(2) the nature of the copyrighted work. This factor is analyzed based on whether a copyrighted work is creative versus factual. Art, fiction, and sculpture are purely creative, and therefore receive stronger copyright protection than factual works such as compilations of historical facts, news articles merely providing factual content, and nonfiction books. The elements of Mario’s games are artwork, and appear to be a creative work deserving strong copyright protection.
(3) the amount and substantiality of the portion used in relation to the copyrighted work as a whole. This factor raises an interesting question: What is the copyrighted work that was allegedly copied? In the Conan backdrop, is there even any Mario game screen having an outline that looks like that backdrop? In the doctored image, if the individual elements were copied (e.g., the Oompa Loompa mushroom by itself) from a Nintendo work, then how much of that work was just the Oompa Loompa?
Some courts also look at what components the U.S. Copyright Office included within the registration certificate. We have no knowledge of whether Nintendo has registered its copyright in the elements of the Mushroom Kingdom or not, but Nintendo could register the copyright in the individual screenshots and elements (e.g., the Oompa Loompa mushroom) making up the panels allegedly copied for Conan’s backdrop.
(4) the effect of the use upon the potential market for or value of the copyrighted work. This factor is often given more weight than the orthers, sort of under the theory “no harm, no foul” (that’s not legalese; just an analogy). We doubt that Nintendo was making much business off of licensing its works for set backdrops, but you never know. Courts also look to potential markets for copyrighted works, so if there is a possible market in this area, that could be taken into account.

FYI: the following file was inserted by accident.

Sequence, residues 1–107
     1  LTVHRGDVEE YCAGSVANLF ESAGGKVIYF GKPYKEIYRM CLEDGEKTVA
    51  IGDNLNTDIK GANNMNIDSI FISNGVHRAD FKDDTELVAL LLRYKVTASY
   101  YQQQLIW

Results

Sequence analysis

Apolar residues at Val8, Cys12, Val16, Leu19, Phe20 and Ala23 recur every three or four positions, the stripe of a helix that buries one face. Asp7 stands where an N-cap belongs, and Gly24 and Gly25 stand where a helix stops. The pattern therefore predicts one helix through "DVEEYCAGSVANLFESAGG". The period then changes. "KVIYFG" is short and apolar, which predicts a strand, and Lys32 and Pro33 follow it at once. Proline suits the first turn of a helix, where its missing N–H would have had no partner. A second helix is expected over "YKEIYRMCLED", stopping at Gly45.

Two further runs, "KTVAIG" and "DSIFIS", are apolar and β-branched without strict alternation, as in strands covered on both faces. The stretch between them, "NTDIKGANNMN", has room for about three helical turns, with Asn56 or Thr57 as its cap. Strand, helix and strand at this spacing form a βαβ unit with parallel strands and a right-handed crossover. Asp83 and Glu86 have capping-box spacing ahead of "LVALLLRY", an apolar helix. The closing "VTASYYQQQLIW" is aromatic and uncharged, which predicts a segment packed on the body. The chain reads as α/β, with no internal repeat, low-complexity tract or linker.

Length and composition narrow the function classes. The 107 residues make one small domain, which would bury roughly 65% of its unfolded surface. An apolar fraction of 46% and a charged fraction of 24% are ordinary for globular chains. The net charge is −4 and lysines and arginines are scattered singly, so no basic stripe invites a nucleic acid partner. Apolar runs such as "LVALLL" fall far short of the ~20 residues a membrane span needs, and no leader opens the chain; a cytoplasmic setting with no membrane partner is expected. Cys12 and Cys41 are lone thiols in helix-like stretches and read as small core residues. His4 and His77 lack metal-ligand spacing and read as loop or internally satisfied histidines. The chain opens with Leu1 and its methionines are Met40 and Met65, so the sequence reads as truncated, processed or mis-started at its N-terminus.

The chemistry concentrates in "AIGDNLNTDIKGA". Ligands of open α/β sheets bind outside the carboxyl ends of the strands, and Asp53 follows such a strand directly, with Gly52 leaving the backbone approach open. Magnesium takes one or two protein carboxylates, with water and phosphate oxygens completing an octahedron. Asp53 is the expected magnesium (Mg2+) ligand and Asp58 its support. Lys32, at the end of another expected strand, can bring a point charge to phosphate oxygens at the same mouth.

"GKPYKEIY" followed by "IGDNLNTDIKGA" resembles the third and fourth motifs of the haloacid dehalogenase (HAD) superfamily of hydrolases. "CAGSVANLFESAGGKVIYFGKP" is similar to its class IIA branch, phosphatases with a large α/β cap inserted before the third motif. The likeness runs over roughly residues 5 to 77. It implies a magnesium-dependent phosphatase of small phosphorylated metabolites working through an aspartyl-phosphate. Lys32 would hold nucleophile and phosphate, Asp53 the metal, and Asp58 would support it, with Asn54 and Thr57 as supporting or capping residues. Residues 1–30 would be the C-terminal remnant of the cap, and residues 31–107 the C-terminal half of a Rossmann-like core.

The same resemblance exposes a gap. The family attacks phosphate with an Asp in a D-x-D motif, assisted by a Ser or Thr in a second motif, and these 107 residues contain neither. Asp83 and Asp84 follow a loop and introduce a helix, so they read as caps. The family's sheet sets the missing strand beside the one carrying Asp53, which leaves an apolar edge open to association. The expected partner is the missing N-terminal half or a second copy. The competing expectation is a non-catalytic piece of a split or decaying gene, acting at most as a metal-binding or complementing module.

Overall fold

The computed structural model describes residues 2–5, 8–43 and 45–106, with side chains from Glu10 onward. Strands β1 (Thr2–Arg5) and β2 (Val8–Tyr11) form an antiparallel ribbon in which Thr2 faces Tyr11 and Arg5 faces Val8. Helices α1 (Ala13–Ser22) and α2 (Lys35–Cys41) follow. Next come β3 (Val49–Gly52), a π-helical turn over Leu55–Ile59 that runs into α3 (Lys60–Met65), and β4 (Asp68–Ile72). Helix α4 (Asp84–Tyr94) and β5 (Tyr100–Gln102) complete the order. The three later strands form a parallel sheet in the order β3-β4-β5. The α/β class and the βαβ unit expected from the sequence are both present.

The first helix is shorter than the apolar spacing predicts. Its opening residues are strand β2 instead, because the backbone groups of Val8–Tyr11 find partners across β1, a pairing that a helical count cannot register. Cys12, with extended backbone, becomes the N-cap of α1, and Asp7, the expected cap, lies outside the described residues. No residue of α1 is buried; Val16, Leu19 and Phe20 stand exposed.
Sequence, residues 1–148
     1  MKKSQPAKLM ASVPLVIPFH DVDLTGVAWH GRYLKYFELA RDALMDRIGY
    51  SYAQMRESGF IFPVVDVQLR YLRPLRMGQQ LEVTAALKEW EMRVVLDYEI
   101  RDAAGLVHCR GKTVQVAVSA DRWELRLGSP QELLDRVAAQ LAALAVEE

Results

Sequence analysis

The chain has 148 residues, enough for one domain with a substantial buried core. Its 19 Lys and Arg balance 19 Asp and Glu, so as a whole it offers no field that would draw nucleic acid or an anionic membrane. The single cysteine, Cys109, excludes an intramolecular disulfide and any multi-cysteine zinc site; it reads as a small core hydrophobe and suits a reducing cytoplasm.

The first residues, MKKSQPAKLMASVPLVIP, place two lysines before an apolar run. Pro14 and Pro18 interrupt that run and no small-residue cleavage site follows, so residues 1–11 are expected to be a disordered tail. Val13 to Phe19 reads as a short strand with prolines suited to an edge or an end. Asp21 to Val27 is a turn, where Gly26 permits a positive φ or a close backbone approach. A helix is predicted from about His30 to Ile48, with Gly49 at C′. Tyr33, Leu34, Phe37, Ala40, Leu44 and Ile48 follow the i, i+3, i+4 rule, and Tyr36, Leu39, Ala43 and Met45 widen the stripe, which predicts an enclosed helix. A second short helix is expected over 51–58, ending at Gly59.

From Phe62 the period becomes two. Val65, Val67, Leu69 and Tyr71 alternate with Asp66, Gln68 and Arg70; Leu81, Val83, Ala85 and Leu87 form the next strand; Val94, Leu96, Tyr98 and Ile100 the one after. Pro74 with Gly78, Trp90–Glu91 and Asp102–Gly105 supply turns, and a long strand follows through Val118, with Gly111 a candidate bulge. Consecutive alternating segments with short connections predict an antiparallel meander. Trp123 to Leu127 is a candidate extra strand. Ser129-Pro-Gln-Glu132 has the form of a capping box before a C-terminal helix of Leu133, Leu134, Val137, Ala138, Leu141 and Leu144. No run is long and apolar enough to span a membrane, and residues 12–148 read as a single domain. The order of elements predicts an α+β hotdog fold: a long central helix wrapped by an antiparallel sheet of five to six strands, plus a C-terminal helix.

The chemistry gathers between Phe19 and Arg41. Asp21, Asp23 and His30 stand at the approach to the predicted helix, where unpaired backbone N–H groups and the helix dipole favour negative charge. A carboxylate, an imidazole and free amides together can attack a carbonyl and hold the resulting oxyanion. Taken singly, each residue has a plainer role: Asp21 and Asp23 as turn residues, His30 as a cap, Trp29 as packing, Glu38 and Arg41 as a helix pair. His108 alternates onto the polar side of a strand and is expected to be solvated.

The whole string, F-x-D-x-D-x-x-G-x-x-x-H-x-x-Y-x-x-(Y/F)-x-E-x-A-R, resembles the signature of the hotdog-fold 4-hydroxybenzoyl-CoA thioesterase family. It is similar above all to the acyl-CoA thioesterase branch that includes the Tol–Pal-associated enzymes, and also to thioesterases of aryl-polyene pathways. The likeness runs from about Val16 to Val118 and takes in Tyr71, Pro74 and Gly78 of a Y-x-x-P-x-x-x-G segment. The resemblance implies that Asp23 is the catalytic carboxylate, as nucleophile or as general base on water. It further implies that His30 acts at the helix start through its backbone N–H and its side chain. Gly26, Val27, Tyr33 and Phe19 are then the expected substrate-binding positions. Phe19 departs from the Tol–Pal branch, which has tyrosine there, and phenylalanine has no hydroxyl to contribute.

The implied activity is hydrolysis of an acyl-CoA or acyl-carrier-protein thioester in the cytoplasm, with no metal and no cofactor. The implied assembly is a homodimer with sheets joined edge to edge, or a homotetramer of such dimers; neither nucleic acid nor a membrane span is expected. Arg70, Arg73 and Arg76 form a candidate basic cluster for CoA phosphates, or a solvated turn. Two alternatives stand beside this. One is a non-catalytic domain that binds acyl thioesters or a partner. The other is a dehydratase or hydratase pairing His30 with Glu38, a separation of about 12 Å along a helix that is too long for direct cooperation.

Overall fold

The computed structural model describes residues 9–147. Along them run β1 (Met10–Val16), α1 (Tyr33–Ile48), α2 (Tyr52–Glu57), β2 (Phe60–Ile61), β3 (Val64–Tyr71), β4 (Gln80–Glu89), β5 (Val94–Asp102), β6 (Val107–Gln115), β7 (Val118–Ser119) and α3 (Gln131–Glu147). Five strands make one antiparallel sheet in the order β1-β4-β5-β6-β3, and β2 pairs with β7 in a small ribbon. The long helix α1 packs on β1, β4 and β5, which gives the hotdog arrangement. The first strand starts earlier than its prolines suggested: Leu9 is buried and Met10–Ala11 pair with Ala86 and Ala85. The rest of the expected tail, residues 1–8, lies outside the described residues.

Another possible defense is to argue that the works are not substantially similar at all, but rather Conan’s backdrop and/or the doctored image are so transformative from the original inspiration that they can only be said to contain a similar “idea” but that the “expression” is different. This is known as the idea/expression dichotomy of copyright law. Copyright does not protect ideas; copyright only protects the actual expression of an idea.

And as a final note, the U.S. Copyright laws include a separate provision for infringement by “derivative” works. A classic example of a derivative work would be when an artist cuts up a bunch of copyrighted images and makes a new collage out of it. The doctorers here may have arguably created a derivative work, if they copied snippets from various Mario games.

What do we think? Well, being that we are attorneys, and that we don’t have all the facts, we will keep our opinions to ourselves. You never know what facts will come to light when two parties get in a dispute, and the game can change in an instant when there is a new development. Could it be a parody and therefore protected by the First Amendment? Could it be independent creation? Could it be de minimus copying? Could it be fair use? It could be any of the above given the right facts. Heck, this could be one giant publicity stunt: NBC or the doctorers might already have a license from Nintendo, and this could all be for the sake generating publicity when the cult of gaming elite inevitably notices the similarity.

Outrageous! Why am I Outraged?
Is artistic style a new type of Video Game IP?